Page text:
• I believe the next real bank going north on Georgia is the Industrial Bank at Decatur St. Its a common phenomenon though; banks make money on loans, not on checking or savings accounts; until very recently, low income folks weren’t a targeted market for home loans (you’ve heard some of the crazy stories about SINA and NINA loans, the disconnect in lender incentives, and the financial meltdown that ensued, I’m sure).

    Some of the previous commenters seem to suggest that the banks follow the gentrificication. I’m not sure the causality runs in that direction though – essential neighborhood services (banks, grocery stores that sell fresh produce instead of just corner stores with frozen and canned goods, etc.) might be the seeds that bring the gentrifiers in. But that seems hardly a settled question. As noted above, Shaw just got a bank, and Shaw is starting to flip, but we’re still pretty early in the process for that neighborhood, in my view. I’m too new to DC to remember a different time, but my understanding of Columbia Heights is that the real boom in high(er) income white people moving to the neighborhood came with the Giant, not the expectation of a big-box-to-be (albeit in a semi-not-big-box). A story I’m certainly more familiar with is East Austin, in any case, where folks really started realizing the value of buying cheap land right next to downtown when BofA and Fiesta (a grocery chain) moved into the neighborhood.

    And then there’s always the artists-follow-cheap-space-and-yuppies-follow-the-hip theory of how gentrification happens as well… i think its likely that there are a lot of factors involved, but yes. banking is a huge one.

    I’m a bit too lazy to google it, but there’s a ton of academic literature about this stuff out there, in any case.

  • “But do regular hard working residents also not deserve a proper bank where a percentage of their check will not be removed every time they/we cash one?”

    They do and that’s what one of the missions of the Community Reinvestment Act was. Local politicians can sometimes force the hand of big banks by requiring them to put branches in underserved areas if they want to put them in more affluent areas. But I don’t think anyone likes to be forced to do the right thing.

    The problem is that banks have always found it unprofitable to put branches or even ATM’s in poorer neighborhoods. The bank really doesn’t make any money on cashing checks (unless they’re bouncing). A bank’s real money is (or should be, lol given today’s economy) in attracting deposits and then making loans on those deposits to qualifed debtors.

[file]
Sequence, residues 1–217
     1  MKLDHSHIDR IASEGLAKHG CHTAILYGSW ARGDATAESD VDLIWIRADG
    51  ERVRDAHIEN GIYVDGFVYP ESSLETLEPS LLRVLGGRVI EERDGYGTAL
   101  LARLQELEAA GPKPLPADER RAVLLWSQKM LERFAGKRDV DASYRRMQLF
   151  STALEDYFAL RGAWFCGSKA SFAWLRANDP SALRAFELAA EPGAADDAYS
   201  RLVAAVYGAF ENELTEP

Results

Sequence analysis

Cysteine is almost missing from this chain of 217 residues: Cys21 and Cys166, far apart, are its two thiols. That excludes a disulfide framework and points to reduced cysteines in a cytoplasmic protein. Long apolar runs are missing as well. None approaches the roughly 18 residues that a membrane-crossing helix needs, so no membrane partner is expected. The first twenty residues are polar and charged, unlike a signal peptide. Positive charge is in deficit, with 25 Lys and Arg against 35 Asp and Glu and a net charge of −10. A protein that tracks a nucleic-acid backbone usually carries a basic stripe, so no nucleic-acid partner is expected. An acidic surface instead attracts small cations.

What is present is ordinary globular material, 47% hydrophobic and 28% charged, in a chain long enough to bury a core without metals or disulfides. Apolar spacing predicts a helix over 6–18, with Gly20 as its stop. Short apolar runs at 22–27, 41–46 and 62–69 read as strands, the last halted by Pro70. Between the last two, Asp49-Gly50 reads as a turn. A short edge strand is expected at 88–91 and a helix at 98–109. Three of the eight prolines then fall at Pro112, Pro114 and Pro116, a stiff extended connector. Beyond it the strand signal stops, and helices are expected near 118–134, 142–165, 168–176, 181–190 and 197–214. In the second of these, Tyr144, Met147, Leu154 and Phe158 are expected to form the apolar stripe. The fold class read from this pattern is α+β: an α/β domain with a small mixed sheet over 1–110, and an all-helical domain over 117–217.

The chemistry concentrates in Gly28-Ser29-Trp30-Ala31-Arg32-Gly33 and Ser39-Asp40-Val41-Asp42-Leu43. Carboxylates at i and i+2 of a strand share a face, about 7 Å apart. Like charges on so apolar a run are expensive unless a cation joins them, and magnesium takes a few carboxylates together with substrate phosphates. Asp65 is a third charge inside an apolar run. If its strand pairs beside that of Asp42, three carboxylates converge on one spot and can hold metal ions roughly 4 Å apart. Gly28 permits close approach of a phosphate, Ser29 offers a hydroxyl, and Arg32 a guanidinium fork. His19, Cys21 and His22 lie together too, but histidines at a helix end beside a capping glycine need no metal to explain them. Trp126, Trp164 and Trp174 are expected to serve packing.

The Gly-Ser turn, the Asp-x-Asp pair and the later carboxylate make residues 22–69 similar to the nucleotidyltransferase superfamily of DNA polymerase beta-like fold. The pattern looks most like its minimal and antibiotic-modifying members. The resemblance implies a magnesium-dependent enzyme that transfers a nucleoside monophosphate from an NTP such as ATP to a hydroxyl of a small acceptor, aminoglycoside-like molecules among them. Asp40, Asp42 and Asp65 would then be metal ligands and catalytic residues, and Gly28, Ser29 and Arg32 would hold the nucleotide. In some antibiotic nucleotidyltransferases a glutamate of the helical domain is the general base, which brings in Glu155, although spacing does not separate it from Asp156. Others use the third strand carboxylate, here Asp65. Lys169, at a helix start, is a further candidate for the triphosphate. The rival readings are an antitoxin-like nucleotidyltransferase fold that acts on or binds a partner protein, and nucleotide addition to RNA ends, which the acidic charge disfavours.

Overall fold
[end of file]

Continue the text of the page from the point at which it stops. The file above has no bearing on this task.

Right across from the Whole Foods on P-Street there are 2 banks on the same block. There’s also a gym and a yoga studio…and a Gelato place (which I find quite humorous cause you’ll often see the lulemon chicks with their mats in place scarfing down a cup of hazelnut post work out)

    But because there’s a need in poor neighborhoods, Western Union (for remittances), Check Cashing, Pawn Shops, and formerly Pay Day Loans fill the void. They can only stay profitable by charging for it.

  • This group does some really cool work on using demographic data to educate companies about actual (often unbanked) income/wealth characteristics in underserved areas.

    (I haven’t actually followed their work closely in a number of years… but remember being enthralled by their reports.)

  • What @dcmom said. There was an NPR story a couple years back on the lack of trust that Latino immigrant populations had in banks and efforts to encourage the use banks by those populations instead of cashing paychecks and carrying around large amounts of cash. The neighborhood on which it focused was MtP.

    Beyond that, the large banks really aren’t focused on brick & mortar branches anymore — not only are they pricey real estate, but the employees needed to run them cost $. Most focus now on the full-service ATM that can take deposits, etc.. But once those apartments above the Petworth Metro start to fill up, you’re going to see an ATM or 2.

  • I think the Internets Celebrities got this one covered in their online video, Checkmate:

    Hilarious and informative. These two guys are quite funny with the social commentary.

  • @Jimmy D – I was trying to find that video this morning (saw it a few mos ago). It really is both hilarious and informative.

  • A lot of the articles about last year’s financial crisis pointed out how it was the lack of profitability of commercial banks (small, big, whatever size) that caused them to acquire (more profitable) investment/insurance banking companies.

    I liked that Riggs Bank (now PNC) kept its presence on 14th and Park during the many years when that certainly wasn’t a high-income area, and now it is nicely located in a developing retail corridor.